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Ecology and Subsistence Technology Along the Noatak and Kobuk Rivers during the Late Prehistoric Time Period

Scott Shirar

The delicate relationship between environment and resource availability and the impact it had on cultural development during the late prehistoric time period (1200 A.D. to 1800 A.D.) in interior northwest Alaska is poorly understood. A radiocarbon chronology for this region and time period must first be developed in order to explore this topic fully. This research project addresses this chronological data gap with new radiocarbon dates from four late prehistoric sites within the Kobuk and Noatak River valleys. Radiocarbon dates for individual houses from each site will be reported on and then the subsistence related artifact assemblage from each house will be considered. Taking these data into account, I explore the roles that ecology and human behavior played in the development of technological variations between these subsistence related artifact assemblages. Results from this research project will be presented at the 2009 Alaska Anthropological Association meetings to take place in Juneau , Alaska .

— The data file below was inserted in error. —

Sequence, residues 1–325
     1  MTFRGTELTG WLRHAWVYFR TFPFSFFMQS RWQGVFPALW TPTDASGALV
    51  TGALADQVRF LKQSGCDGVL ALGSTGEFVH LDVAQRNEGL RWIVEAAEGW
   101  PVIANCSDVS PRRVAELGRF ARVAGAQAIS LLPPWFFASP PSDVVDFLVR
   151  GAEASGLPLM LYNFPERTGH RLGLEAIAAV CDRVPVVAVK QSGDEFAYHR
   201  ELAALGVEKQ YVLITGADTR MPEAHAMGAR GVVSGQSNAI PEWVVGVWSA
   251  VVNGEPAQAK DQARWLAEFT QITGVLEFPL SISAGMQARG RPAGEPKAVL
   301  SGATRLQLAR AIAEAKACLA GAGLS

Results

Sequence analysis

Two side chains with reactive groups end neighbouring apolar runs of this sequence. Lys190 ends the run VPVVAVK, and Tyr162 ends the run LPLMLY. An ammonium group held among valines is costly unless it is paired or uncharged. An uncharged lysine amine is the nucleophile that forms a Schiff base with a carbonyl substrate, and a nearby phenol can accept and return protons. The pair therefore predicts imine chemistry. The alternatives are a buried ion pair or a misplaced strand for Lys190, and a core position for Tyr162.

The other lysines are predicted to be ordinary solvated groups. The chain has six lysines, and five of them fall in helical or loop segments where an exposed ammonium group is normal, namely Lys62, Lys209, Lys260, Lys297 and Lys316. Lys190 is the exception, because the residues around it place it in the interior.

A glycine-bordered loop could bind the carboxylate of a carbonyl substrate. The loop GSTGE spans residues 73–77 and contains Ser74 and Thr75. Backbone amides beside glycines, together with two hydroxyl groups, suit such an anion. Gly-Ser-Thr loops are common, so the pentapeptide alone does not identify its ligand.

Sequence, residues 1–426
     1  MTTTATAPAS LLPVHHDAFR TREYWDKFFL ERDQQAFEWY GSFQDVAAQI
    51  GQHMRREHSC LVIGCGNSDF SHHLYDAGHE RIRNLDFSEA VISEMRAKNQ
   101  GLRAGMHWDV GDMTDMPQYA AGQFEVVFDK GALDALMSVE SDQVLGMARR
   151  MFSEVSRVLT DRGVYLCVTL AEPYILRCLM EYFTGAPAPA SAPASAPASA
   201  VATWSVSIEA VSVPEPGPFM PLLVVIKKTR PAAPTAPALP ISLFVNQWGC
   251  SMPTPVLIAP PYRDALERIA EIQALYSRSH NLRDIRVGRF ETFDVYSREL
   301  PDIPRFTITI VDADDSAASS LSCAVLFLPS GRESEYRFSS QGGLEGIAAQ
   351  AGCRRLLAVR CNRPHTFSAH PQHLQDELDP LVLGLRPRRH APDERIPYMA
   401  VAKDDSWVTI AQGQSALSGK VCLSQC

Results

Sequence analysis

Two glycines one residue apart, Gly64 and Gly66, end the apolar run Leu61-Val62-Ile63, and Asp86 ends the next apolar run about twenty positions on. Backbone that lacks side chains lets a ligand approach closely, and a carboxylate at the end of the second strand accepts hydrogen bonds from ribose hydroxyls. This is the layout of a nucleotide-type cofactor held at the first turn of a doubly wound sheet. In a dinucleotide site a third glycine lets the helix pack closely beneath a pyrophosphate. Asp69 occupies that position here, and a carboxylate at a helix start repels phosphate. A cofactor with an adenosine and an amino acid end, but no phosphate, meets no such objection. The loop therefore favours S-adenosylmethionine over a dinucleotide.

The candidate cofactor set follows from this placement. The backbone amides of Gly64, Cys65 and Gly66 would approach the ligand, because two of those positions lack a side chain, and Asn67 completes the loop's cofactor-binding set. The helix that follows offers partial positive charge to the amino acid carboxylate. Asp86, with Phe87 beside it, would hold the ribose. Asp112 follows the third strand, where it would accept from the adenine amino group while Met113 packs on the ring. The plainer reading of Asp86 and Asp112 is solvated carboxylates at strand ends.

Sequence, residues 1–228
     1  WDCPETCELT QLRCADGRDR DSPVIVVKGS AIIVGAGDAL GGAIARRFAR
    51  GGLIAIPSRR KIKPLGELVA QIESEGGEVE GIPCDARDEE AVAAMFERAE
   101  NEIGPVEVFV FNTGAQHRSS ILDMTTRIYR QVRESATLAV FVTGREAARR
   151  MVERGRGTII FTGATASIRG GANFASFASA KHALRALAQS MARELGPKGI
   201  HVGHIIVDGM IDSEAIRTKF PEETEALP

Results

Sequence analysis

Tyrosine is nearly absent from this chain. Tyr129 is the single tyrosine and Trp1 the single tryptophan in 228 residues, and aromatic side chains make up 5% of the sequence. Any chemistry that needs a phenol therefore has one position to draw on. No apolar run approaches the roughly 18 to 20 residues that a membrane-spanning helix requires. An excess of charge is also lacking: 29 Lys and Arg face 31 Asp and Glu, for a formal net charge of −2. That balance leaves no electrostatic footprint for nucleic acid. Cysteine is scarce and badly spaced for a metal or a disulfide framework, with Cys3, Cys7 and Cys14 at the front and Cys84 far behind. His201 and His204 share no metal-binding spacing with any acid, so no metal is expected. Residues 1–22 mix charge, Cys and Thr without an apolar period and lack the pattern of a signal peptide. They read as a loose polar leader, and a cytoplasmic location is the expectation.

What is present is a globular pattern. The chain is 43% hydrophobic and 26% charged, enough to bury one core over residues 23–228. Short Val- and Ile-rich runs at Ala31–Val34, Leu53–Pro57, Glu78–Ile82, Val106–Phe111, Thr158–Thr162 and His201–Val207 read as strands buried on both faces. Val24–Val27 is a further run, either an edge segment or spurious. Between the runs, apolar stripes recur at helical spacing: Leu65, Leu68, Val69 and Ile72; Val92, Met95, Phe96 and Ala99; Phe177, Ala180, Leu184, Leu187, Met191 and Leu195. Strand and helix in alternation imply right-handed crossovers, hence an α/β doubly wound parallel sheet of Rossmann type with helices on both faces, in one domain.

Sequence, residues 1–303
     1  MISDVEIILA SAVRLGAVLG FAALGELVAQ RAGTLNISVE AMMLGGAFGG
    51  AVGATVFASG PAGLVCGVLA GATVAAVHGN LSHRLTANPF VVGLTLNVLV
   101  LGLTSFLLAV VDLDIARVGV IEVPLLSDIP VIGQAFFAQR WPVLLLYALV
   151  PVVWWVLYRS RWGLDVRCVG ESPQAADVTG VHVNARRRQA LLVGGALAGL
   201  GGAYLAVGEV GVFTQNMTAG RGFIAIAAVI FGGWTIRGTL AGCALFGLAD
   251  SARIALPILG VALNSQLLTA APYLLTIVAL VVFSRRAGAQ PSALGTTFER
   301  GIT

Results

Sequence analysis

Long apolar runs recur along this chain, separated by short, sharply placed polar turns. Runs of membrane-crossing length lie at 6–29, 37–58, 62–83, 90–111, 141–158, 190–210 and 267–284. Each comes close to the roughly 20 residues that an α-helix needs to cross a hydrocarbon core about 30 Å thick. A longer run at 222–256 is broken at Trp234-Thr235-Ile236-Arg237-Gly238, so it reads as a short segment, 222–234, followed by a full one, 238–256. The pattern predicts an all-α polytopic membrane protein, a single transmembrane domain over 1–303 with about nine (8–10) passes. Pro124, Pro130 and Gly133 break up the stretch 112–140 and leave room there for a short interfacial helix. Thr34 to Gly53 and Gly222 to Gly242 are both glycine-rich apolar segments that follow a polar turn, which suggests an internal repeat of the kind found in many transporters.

Scott Shirar Bio

Subsistence-related artifacts from the Maiyumerak Creek Site (XBM-131) in northwest Alaska (Illustration by Maureen Howard)
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